Third party liability insurance policies often contain “consent to assignment” clauses which purport to bar insureds from assigning policies without insurer consent. In the case of Henkel Corp. v. Hartford Accident & Indemnity Co., 29 Cal.4th 934 (2003), the California Supreme Court determined, under the specific facts of that case, that such clauses barred the insured from assigning policy rights without the insurer’s consent until there exists a “chose in action” against the insured, which occurs when the claims against the insured have “been reduced to a sum of money due or to become due under the policy.”   In Fluor Corporation v. Superior Court of Orange County, the California Supreme Court granted review to consider whether Section 520 of the California Insurance Code—an 1872…

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26 Aug 2015 PENNSYLVANIA HIGH COURT EXPANDS CIRCUMSTANCES UNDER WHICH INSUREDS MAY SETTLE UNDERLYING CLAIMS WITHOUT INSURER CONSENT

Liability policies often contain a “cooperation clause” pursuant to which an insurer who has agreed to defend an insured from an underlying lawsuit purports to have the right to approve any settlement to be entered into by the insured. A recent decision by the Pennsylvania Supreme Court, however, has expanded the circumstances under which an insured may settle underlying claims without insurer consent in situations where the insurer has reserved its rights and refuses to consent to a non-collusive, objectively reasonable settlement under policy limits.   In The Babcock & Wilcox Company et al. v. American Nuclear Insurers et al., the Pennsylvania Supreme Court granted review to determine whether “an insured forfeits insurance coverage by settling a tort claim without the consent of its insurer,…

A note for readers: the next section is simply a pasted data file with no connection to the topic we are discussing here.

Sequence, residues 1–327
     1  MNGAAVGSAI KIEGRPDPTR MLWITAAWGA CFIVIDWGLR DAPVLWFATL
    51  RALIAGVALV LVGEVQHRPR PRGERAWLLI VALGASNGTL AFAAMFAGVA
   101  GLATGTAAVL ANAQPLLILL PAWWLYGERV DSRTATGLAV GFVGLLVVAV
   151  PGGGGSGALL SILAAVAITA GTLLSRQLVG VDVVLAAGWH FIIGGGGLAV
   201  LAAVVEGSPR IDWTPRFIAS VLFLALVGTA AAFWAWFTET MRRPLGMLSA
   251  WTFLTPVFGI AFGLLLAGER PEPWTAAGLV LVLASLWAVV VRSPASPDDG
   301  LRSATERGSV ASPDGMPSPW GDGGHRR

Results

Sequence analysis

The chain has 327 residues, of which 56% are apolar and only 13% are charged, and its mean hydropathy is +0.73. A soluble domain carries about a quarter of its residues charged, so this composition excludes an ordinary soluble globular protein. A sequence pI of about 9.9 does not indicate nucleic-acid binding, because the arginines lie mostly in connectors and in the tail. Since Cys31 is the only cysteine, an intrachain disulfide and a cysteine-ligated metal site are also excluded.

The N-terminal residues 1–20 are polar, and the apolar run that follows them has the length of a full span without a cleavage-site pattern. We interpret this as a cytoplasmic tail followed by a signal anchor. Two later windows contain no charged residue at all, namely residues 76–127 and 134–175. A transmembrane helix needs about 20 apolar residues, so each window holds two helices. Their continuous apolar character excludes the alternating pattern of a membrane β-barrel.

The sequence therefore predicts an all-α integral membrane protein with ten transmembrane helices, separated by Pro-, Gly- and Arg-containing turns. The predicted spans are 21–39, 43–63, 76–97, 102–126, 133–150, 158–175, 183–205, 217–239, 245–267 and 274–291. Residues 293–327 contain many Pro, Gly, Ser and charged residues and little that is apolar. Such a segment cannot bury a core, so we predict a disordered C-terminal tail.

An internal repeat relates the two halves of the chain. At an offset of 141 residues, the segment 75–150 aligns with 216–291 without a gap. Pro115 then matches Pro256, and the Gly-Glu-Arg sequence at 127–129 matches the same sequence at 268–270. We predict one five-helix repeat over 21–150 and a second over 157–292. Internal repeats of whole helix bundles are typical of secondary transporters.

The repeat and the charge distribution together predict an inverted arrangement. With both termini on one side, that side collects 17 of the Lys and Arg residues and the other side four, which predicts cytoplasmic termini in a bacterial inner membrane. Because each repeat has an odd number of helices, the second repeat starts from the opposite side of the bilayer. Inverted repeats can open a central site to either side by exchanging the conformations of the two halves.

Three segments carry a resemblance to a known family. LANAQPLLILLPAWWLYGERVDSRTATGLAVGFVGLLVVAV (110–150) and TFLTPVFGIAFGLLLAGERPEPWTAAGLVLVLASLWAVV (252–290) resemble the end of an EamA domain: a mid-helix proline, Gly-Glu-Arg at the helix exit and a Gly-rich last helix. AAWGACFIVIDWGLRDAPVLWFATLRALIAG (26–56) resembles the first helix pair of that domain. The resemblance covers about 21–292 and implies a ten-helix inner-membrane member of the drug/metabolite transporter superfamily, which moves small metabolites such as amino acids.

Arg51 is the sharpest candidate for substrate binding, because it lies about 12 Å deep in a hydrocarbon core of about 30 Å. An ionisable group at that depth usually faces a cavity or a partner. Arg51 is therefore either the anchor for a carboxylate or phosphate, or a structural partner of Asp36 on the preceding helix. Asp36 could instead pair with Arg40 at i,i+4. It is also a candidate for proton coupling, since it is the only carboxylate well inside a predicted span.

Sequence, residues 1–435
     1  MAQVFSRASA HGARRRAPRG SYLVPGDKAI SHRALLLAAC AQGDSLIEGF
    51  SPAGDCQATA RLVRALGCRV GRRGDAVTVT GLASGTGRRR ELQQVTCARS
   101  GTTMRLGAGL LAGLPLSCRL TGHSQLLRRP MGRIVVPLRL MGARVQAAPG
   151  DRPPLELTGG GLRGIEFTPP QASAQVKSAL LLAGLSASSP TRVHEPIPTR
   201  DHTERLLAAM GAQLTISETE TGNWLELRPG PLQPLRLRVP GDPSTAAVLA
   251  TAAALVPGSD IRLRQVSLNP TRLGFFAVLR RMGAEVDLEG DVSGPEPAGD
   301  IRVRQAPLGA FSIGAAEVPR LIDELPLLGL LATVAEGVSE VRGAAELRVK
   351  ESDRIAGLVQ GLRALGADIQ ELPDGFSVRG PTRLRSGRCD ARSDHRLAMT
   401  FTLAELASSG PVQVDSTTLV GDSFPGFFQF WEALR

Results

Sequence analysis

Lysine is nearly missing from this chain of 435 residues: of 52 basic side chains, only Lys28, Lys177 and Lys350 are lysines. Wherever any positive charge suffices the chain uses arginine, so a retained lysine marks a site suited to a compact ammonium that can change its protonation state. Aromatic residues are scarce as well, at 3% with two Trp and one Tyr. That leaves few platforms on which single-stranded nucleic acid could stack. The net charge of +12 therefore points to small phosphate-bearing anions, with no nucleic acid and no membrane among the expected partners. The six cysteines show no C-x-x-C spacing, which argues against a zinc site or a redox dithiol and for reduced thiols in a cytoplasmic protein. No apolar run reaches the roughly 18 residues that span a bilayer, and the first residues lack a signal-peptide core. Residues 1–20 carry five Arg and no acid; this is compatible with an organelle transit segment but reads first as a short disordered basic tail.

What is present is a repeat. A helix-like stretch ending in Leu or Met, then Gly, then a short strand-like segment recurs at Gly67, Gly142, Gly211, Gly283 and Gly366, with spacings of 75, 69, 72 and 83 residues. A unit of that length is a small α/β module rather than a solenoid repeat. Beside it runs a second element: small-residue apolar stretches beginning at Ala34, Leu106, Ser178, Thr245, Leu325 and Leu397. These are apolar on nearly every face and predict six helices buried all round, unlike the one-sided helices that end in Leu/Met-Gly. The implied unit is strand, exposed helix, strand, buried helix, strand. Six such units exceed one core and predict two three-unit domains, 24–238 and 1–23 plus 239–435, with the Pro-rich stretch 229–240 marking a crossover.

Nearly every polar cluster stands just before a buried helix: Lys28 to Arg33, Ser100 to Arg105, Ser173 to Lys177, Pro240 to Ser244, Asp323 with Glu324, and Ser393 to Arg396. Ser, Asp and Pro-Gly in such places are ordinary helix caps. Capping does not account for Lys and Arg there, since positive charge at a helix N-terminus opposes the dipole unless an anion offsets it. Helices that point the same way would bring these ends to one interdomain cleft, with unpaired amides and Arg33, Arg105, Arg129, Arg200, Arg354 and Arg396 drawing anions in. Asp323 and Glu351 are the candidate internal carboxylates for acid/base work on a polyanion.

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11 Jun 2015 INFRINGEMENT OF “SLOGAN” TRIGGERS THE DUTY TO DEFEND

In recent years, insurers have modified the coverage for “personal and advertising injury” in the standard form used in commercial general liability coverage to exclude claims for trademark infringement.  However, the coverage form continues to include “Infringing upon another’s copyright, trade dress or slogan in your ‘advertisement’” within the definition of “personal and advertising injury.” In lawsuits involving trademark infringement and related claims, policyholders should carefully examine the complaint to determine if the potential for infringement of “slogan” exists, thereby triggering a duty to defend the case notwithstanding any exclusion for trademark infringement.   The term “slogan” itself is not defined in the personal and advertising injury coverage form. Thus, courts will look to the term’s ordinary and common usage, and in that context, “slogan”…

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20 Mar 2015 Recent Decision Determines Retail Displays May Qualify as ‘Advertisements’ Under CGL Insurance Policies

A recent decision interpreting insurance coverage for “advertising injury” under commercial general liability (CGL) insurance policies ruled that claims of allegedly infringing product displays can trigger the duty to defend.  Most businesses purchase CGL insurance as a key part of their liability insurance programs.  The current version of the typical form used by insurers in connection with CGL policies provides coverage for “advertising injury” caused by an offense committed in the course of “advertising” the insured’s goods, products or services.  That form typically defines “advertisement” as notice published to the general public at large or specific market segments for purposes of attracting customers or supporters.   A recent Illinois appellate court decision, however, has recognized that advertising injury coverage extends to certain product displays.  Specifically,…